September 23, 2009

Maybe THIS Guy Should Be President...

Dr. Brian Forrest, from Apex, North Carolina, has been in his current practice since 2002. That may not seem all that surprising, until you consider that he's done it without accepting insurance. "People that come here that are uninsured save about 80 to 90 percent over what they traditionally would."

Sometimes the answer is so simple, no?

2 comments:

  1. You know, I worked in a doctor's office for a few years and it never ceased to amaze me how the price would change for different people, and insurances. I did billing for a few months while the office manager was out on maternity leave and I tell you it was ABSOLUTELY dizzying. If you bill Medicare it is this price, if you bill Preferred Care it is that price... Blue Cross and bullshit (I mean blue shield) won't pay for this so just drop the charge...etc, etc. It's crazy. Also, there are 3 tiers which a regular office visit is billed. Usually the highest price is sent to most insurance companies, the second to like say Medicare, and, the doctor's office pretty much accepts whatever comes back (which was typically 50-70%). People will no insurance are just charged the lowest tier (which, is less than half of the first tier). WTF? Isn't it the SAME service? Shouldn't there be ONE price? I've often wondered if I went without insurance and was only billed the lowest tier at my doctor's office if I would make out better than having the chunk taken out of my paycheck every week PLUS the $20 copay at the door?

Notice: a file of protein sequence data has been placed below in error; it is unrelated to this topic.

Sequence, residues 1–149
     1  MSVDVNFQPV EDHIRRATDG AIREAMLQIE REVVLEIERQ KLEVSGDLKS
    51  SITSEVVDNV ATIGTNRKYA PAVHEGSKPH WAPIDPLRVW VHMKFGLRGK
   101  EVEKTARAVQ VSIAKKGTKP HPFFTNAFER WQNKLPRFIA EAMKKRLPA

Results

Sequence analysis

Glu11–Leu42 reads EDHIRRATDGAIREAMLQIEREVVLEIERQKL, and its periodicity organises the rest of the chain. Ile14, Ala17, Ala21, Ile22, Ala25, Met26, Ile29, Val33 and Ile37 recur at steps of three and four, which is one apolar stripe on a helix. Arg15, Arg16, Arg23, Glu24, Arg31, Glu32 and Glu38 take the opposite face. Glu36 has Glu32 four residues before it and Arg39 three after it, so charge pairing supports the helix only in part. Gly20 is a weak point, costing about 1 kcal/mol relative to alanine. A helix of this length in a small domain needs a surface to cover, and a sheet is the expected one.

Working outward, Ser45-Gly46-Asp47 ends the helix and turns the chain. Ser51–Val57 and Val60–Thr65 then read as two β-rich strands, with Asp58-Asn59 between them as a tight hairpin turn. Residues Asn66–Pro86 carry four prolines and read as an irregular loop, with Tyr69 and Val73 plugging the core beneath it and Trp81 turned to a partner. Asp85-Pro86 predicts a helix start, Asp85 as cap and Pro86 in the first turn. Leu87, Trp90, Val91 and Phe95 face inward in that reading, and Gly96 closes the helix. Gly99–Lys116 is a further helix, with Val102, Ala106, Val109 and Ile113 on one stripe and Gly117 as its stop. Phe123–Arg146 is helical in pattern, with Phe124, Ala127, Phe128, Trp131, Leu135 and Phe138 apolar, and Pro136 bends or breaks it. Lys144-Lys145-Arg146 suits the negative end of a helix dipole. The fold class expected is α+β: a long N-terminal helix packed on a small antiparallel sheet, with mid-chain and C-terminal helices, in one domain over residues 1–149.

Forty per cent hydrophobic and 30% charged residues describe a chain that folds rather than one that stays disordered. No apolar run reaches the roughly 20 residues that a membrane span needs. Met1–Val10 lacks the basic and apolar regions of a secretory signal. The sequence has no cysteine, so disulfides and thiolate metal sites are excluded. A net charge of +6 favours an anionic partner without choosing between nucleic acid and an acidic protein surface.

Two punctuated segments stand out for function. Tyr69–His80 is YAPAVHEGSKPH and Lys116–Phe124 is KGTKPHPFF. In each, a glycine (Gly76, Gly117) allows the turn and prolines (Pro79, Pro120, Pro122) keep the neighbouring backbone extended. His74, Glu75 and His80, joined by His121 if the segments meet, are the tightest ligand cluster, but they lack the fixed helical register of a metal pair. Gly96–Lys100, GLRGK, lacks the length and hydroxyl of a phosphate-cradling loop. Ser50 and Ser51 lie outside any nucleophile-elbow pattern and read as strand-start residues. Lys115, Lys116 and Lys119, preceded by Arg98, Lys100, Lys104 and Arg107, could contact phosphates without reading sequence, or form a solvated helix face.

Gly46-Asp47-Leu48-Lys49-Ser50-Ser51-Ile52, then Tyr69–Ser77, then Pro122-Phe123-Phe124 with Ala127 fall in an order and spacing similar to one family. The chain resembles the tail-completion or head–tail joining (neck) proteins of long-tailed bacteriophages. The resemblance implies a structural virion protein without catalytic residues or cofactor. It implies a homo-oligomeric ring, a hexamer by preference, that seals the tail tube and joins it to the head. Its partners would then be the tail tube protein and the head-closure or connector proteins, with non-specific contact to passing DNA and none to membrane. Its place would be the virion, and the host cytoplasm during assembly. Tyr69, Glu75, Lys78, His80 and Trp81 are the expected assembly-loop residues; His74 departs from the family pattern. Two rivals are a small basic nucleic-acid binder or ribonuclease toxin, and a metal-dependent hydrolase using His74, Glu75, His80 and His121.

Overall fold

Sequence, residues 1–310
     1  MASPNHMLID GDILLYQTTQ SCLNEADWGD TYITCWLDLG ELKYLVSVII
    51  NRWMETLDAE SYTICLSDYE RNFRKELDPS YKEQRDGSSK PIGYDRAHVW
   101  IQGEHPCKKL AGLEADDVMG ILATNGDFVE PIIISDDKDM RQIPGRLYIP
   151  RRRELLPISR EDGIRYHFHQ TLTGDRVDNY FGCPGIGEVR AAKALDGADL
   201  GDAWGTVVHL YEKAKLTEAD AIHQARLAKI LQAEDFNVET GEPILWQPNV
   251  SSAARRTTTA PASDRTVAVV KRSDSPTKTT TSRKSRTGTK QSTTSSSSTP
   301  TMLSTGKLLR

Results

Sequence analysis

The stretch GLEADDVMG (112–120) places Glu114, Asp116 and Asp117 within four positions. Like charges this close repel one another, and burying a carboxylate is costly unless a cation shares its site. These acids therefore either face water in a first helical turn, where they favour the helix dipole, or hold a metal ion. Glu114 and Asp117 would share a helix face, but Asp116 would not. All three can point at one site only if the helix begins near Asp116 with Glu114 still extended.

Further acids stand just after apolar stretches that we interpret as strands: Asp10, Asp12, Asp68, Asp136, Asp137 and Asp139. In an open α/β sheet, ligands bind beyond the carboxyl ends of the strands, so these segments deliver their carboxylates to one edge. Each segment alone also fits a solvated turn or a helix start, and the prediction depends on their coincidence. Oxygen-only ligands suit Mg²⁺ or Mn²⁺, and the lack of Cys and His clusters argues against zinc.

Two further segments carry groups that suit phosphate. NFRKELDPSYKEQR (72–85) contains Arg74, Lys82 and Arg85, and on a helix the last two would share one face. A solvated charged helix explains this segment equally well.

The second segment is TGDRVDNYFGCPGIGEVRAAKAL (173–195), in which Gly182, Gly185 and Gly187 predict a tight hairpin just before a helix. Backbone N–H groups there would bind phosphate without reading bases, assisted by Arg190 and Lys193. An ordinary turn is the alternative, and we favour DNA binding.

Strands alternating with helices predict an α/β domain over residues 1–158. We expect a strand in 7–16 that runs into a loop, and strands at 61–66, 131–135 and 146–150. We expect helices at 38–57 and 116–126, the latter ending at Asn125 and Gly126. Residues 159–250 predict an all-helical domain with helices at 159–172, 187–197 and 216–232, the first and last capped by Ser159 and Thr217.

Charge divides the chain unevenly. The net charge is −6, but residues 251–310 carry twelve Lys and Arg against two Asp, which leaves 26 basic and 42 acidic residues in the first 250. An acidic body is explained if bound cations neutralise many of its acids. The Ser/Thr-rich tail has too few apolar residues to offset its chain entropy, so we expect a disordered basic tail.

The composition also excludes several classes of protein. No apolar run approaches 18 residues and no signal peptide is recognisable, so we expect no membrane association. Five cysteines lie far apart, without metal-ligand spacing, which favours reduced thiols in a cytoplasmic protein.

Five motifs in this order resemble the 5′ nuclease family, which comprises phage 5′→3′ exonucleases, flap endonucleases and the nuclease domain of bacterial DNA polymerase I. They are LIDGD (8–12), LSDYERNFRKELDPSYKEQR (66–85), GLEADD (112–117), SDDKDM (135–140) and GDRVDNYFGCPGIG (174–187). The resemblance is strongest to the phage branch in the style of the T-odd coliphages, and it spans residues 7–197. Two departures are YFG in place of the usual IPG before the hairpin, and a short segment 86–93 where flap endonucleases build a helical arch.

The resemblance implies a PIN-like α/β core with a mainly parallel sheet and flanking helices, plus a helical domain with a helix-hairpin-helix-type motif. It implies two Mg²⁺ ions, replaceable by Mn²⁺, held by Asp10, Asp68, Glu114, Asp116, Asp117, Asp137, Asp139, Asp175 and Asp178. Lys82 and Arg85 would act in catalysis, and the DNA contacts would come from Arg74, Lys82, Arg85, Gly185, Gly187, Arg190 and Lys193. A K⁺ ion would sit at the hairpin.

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  2. Thanks for the comment. I've heard this more and more from people in the industry, and it's one of the reasons I can't support any of the government plans that have been proposed. It seems to me that what we would be doing is replacing the insurance companies with the government. The devil you know with the devil you know even better, so to speak. Without the insurance companies to intervene (and skim some funds off for themselves), I firmly believe prices would go down, and quality of care would go up. (Since the physicians would then be paid by the consumer, rather than the insurance company, there would be a lot more incentive to please the patient.) A good example would be LASIK surgery, which isn't (as far as I know) covered by insurance. The prices have gone down, while the quality has improved. For those who are willing to pay more, there are even choices for doctors who are using newer (and presumably better) equipment.

    Insurance companies simply charge you to hold onto your money until you need it. Whatever you don't use, they keep. Shouldn't YOU be able to keep it? The fact that the government wants to insinuate itself even further into the health care system is just another indication of the nanny state we've become.

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